Released in 2009, the music video for The Decemberists single “16 Military Wives” utilizes Model UN as a convenient vehicle for illustrating their political message.  Inspired by the lead-up to the decision to go to war in Iraq, the music video riffs on the playground politics so often seen in real-life diplomacy. The video opens with an introduction of various delegates at what appears to be a high school MUN simulation, identifying the delegate representing the US as a power-hungry delegate, the delegate of France as an academic and sports superstar, and the delegate of Luxembourg as the US’s punching-bag. In the course of committee, the US delegate is portrayed as a bully who deals in extremes, almost instantly resorting to declaring war on Luxembourg as an expression of his personal frustration. Like Winning London, the “16 Military Wives” video depicts ludicrous committee antics. In this case, committee strategy becomes an extension of personal vendettas—pursuant to his declaration of war, the delegate of the US uses his minions to prevent Luxembourg from eating lunch or using the bathroom, to attack him with paper balls and airplanes, and to generally make his life miserable. Other delegates band together to stymie the US’s advances, through the medium of, what else, song.

Again, while doubtlessly entertaining, the depiction of Model UN in this video is definitely a caricature of the truth. If anything, this view of Model UN would be most similar to a crisis committee on a Sunday.

Take Three:  Community, “Geography of Global Conflict” (2011)


The Community episode entitled “Geography of Global Conflict” centers on the rivalry between two newly-formed Model UN teams at the college. Two students each get the idea to start a Model UN team at Greendale, their community college, but must battle for their survival when their professor advises them that there may only be one Model UN club at the college. The ensuing competition is based on a proposal from one of the students that there can be two United Nations, and their professor agrees, with the qualification that each UN serve as an envoy for two parallel worlds. In order to judge which Model UN team is better, the teams are assigned a conflict, to which they must come up with a solution. The team with the better solution (as decided by the professor) wins and gets to stay on as the school’s team. A series of hilarious exchanges and theories later, one group finally gains supremacy over the other by trying to forge a peace treaty between the two UNs. Hilariously enough, their politically-jaded professor sees this as the most true-to-life diplomatic action (deeming this offer of peace an “empty promise”), and declares the initiating team the winners of the competition.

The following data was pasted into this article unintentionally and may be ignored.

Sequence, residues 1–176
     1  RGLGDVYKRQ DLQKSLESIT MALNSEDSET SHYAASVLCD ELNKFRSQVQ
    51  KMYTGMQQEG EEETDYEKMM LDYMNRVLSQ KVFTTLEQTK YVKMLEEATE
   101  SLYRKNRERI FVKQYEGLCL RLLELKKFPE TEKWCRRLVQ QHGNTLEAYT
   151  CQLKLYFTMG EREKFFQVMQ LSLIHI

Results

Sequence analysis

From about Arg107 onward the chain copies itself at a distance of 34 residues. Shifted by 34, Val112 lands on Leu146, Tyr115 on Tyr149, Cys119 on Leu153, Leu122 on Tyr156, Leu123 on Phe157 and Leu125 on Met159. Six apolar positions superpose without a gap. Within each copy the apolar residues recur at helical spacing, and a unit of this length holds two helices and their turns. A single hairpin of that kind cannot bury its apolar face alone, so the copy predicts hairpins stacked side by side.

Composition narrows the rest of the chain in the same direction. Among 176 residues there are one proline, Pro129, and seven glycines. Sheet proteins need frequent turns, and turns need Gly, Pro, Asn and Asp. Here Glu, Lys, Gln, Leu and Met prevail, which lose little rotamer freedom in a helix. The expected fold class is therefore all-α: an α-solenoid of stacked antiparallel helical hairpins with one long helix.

I’ve been in many a joint-crisis committee in my MUN career, but never have I seen dual and dueling UNs! While the premise of this episode is comical, this depiction of MUN does reflect the basic model of being given a problem or crisis and having to craft a solution. This is, of course, the basis for resolutions and directives. Unfortunately, this episode of Community is more pantomime and less documentary when it comes to  the resolution-writing and lobbying process, but it is an entertaining piece nonetheless, and reminds me of select training exercises for my own team where we would pick the most impossible and elaborate issues and crises as the basis for our simulations in order to test our extemporaneous speaking abilities and to force ourselves to think outside the box when coming up with solutions.

Take Four: Parks and Recreation, “The Treaty” (2011)